AMONG THE SUNDRY ITEMS decorating the refrigerator door in our modest, Stanford student housing unit is a ticket from a Leonard Cohen concert in Barclays Center, Brooklyn, dated December 20, 2012. I’m not sure how the ticket survived multiple moves (including one across country with two small kids in tow), and I’m not sure who put it up on the fridge, or when, but when I notice it, every so often, in passing, I think of that unforgettable night, when, for four surreal hours, I sat along with thousands of others, a rapt audience entranced by the magic of a man by then quite old, even sickly, who saw himself, and was seen by so many, as a modern-day prophet.

In a 2002 diary entry that appears in the newly released, posthumous collection The Flame: Poems Notebooks Lyrics Drawings, Cohen writes, “I swear / strive to complete / before it’s too late / some mission from G-d / I can’t even locate.” Though we tend to think of self-proclaimed prophets as egomaniacs, Cohen’s work evinces a different kind of prophetic stance, one marked by humility and an eagerness to carry out someone else’s bidding, to fulfill a mission he “can’t even locate.”

Cohen, who started out as a poet and published four books of poetry and a novel before launching his musical career in the 1960s, spent the months leading up to his death in November 2016 completing what he knew would be his final manuscript. While the quality of the poetry in this book is sometimes uneven, it’s clear that Cohen remained sharp until the very end, and the book, a kind of farewell tribute by the poet-prophet, offers ample evidence of his abiding sense of humor. To wit, these excerpts from a diary entry included in the book: “I think, therefore I am / right up there with / Mary had a Little Lamb,” and, “I don’t care much for the movie / but the popcorn is unsurpassed.”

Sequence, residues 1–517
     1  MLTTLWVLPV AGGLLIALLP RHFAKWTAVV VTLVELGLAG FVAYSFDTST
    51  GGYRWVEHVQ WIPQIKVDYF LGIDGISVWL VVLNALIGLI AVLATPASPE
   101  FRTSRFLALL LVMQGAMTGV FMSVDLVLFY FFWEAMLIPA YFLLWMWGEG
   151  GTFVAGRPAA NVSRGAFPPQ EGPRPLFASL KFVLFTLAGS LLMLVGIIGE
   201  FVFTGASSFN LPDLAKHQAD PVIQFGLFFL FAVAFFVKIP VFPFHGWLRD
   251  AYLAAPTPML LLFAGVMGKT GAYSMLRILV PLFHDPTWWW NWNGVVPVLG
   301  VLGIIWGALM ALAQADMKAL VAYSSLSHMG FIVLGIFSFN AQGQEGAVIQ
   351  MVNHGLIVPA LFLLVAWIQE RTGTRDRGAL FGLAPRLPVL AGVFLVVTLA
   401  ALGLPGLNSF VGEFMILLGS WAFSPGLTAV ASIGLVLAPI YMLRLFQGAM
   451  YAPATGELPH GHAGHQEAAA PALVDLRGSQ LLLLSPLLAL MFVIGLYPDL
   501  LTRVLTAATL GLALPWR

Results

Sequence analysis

But as a whole this volume’s register is one of pathos, the kind expressed in “My Career,” which reads: “So little to say / So urgent / to say it.” This sense of urgency, combined with an awareness of the fact that, despite a lifetime devoted to the written (and spoken) word, there was “so little to say,” runs through this book. These two seemingly contradictory sentiments come together in Cohen’s words and images, his simple black illustrations, many of them self-portraits of the aged singer, providing a visual commentary on the accompanying texts.

The passage of time is another recurring motif in this book, but Cohen’s is no simple reflection on the past. In “School Days,” Cohen writes, “I never think about The Past / but sometimes / The Past thinks about me / and sits down / ever so lightly on my face—” One can’t help but marvel at the poet’s brilliant maneuvering here. In the first instance, his use of the capitalized term “The Past” calls upon a sense of the past as rigid and unchangeable. But Cohen surprises us in this totally unexpected way when he subverts that very rigidity by showing us how the past can be turned into a thing apart, which may sit with us — even on us — “ever so lightly,” but need not rule our lives.